Diary of a Sports Cord Cutter: Easy Wins

By Brad Hubbard | @bradhubbard | 10.12.2016

Wednesday brings the opening of the 2016/2017 NHL season. With that comes a solid OTT package (full season for $140) and a once a week game live on Twitter. What of course is offered to cord cutters like myself is the league channel, NHL Network. Neither them nor MLB Network nor NBA TV are available in an OTT package but the NFL is. This seems like an easy win that the leagues are not taking advantage of.

NHL NetworkThe league networks have evolved over the years to include live games. NBA TV, NHL Network and MLB Network all show regular season games while MLB Network will actually broadcast a playoff game or two. If you are are cord cutter like myself you are out of luck when it comes to these. While that may not hurt all that much since the games are usually available with the OTT league package, it does make the decision for the casual instead of giving them the choice. If your the league and have your live game content available on every device/service know to man, why wouldn’t you cut a deal to get your network onto Sling TV or Playstation Vue? It seems like an easy win and a simple way to gain new fans.

 

MLB NETWORKWhen DISH Network (Sling TV’s parent company) and the NFL came to an agreement earlier this summer, it would seem that others would follow. All of the leagues are trying to stay relevant during the offseason with some original content, live draft coverage, etc, yet none of this content is available to cord cutters. On the surface it doesn’t appear to violate any existing TV contracts yet these channels and it’s niche content anyway which is right down the cord cutters avenue.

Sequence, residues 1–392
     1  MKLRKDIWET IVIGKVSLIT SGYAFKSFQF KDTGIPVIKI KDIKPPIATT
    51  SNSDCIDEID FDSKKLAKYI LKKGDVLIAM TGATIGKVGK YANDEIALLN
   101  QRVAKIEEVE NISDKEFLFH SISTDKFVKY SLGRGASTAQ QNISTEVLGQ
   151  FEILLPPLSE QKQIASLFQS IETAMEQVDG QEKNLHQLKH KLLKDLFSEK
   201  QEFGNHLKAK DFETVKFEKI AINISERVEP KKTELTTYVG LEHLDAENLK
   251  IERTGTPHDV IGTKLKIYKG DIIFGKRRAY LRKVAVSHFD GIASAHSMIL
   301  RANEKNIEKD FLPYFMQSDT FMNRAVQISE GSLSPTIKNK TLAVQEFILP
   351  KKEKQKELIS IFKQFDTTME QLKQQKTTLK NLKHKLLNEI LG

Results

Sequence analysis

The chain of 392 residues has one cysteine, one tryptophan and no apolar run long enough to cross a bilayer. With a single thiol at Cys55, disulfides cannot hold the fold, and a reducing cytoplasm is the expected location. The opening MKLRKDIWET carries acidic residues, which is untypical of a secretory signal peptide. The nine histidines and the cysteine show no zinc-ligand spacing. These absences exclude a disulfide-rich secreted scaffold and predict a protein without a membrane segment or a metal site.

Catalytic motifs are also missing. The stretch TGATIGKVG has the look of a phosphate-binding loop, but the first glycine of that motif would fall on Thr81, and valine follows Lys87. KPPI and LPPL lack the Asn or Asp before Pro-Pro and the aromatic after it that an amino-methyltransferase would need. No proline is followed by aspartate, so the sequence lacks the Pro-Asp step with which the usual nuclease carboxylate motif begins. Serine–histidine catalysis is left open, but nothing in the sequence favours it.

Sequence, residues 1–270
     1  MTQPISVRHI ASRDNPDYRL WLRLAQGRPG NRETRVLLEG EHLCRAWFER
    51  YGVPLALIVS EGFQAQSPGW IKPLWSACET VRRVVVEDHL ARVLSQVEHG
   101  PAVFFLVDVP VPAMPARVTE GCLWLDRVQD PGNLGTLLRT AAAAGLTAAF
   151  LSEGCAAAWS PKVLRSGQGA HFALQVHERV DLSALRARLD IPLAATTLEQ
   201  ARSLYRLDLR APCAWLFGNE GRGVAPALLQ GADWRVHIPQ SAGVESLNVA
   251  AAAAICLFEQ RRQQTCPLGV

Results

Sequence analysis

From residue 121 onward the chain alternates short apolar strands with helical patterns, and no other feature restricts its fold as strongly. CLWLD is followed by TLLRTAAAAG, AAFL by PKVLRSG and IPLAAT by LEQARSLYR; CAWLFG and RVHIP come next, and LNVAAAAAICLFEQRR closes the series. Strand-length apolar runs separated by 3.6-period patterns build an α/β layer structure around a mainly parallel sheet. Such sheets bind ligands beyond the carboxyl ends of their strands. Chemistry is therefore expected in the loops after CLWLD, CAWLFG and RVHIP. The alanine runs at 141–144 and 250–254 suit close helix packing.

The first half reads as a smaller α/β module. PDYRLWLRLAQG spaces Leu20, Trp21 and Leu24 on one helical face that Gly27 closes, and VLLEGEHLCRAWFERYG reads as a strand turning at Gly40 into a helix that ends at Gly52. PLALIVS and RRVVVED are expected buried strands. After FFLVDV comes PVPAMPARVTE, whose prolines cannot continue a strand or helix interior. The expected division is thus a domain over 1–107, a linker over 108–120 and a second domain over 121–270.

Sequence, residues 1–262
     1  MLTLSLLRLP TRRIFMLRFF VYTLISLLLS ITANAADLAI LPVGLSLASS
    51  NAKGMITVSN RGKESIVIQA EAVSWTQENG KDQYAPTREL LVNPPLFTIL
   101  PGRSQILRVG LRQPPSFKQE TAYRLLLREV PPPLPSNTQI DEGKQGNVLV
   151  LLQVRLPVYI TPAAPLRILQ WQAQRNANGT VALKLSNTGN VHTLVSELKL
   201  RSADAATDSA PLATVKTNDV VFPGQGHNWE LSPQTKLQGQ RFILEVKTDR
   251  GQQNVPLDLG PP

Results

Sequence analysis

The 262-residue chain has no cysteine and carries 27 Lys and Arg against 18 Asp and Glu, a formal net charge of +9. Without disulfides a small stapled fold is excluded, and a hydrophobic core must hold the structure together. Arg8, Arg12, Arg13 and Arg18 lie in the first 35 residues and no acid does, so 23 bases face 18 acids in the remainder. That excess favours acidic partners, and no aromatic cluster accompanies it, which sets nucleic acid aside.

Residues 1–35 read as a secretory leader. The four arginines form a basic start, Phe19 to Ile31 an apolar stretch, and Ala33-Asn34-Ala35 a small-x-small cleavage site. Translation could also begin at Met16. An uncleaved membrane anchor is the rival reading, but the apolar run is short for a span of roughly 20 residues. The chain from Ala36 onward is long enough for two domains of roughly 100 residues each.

The league channels, outside of the NFL, are not a necessity for OTT providers or for fans. They really don’t ‘move the needle’ so to speak however, it is cheap, easy content for OTT channels and nice to haves for the end user.

Diary of a Sports Cord Cutter: RedZone and Radio

By Brad Hubbard | @bradhubbard | 9.28.2016

I cut the cord last November. While addicted to sports, it made little sense to pay Comcast $150+ a month so I could watch various college football games and receive NFL RedZone. I began looking into other options. I found Sling TV and a plain, old fashion over the air antenna. This is the football season where I will be a full fledged ‘sports cord cutter’ and this is how it’s going.

RedZone and Radio